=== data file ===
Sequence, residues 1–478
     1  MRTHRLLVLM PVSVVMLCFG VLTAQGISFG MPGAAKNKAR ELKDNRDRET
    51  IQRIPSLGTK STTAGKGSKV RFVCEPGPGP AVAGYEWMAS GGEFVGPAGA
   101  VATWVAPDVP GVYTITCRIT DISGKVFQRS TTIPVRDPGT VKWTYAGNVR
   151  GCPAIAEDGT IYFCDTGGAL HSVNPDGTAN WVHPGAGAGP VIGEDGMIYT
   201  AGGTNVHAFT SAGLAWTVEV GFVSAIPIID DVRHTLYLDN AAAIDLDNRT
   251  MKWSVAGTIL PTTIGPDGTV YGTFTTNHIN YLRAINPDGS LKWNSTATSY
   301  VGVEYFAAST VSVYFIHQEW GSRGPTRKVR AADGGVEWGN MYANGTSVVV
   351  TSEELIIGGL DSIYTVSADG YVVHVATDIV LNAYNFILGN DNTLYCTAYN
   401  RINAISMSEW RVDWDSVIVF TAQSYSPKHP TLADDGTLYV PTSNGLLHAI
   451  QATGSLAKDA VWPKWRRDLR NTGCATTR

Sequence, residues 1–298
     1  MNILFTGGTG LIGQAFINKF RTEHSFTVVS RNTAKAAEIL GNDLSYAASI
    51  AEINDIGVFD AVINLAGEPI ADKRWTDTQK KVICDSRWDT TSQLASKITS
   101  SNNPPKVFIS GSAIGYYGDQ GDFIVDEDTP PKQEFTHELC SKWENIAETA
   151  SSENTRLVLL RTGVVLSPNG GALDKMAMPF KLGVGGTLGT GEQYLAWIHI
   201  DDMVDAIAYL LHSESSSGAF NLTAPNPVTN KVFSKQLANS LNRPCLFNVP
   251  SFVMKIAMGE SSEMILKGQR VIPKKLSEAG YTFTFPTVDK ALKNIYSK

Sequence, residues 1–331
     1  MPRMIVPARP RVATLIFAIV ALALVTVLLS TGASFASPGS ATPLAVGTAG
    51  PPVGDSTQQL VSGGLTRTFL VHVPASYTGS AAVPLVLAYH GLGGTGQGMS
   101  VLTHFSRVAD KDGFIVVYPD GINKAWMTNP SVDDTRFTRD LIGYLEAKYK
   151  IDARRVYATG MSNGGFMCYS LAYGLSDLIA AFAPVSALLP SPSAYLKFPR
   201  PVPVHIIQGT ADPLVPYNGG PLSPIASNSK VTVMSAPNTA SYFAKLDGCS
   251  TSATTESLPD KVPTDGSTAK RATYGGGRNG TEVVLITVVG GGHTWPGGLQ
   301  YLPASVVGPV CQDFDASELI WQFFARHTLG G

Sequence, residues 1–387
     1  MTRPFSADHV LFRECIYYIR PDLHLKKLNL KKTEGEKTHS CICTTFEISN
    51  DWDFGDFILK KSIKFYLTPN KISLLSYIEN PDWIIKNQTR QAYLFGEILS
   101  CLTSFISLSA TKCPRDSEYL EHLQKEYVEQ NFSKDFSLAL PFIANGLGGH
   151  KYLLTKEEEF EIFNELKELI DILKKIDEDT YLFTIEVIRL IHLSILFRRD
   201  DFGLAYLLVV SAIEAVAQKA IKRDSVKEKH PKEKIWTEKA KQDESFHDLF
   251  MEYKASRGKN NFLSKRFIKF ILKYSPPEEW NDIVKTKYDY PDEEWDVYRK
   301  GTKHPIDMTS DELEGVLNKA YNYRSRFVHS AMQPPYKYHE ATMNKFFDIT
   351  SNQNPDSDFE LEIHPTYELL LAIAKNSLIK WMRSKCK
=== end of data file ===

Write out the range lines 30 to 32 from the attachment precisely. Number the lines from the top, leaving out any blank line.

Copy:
   101  CLTSFISLSA TKCPRDSEYL EHLQKEYVEQ NFSKDFSLAL PFIANGLGGH
   151  KYLLTKEEEF EIFNELKELI DILKKIDEDT YLFTIEVIRL IHLSILFRRD
   201  DFGLAYLLVV SAIEAVAQKA IKRDSVKEKH PKEKIWTEKA KQDESFHDLF